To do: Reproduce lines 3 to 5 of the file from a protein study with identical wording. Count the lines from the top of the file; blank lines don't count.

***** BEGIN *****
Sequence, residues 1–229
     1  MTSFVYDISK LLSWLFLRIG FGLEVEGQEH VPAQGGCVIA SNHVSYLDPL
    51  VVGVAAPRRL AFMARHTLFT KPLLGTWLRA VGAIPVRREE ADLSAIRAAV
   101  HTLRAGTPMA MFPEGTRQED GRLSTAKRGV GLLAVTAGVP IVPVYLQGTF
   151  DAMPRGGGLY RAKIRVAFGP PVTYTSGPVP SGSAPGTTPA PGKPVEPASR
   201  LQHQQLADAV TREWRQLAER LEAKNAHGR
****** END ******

    51  VVGVAAPRRL AFMARHTLFT KPLLGTWLRA VGAIPVRREE ADLSAIRAAV
   101  HTLRAGTPMA MFPEGTRQED GRLSTAKRGV GLLAVTAGVP IVPVYLQGTF
   151  DAMPRGGGLY RAKIRVAFGP PVTYTSGPVP SGSAPGTTPA PGKPVEPASR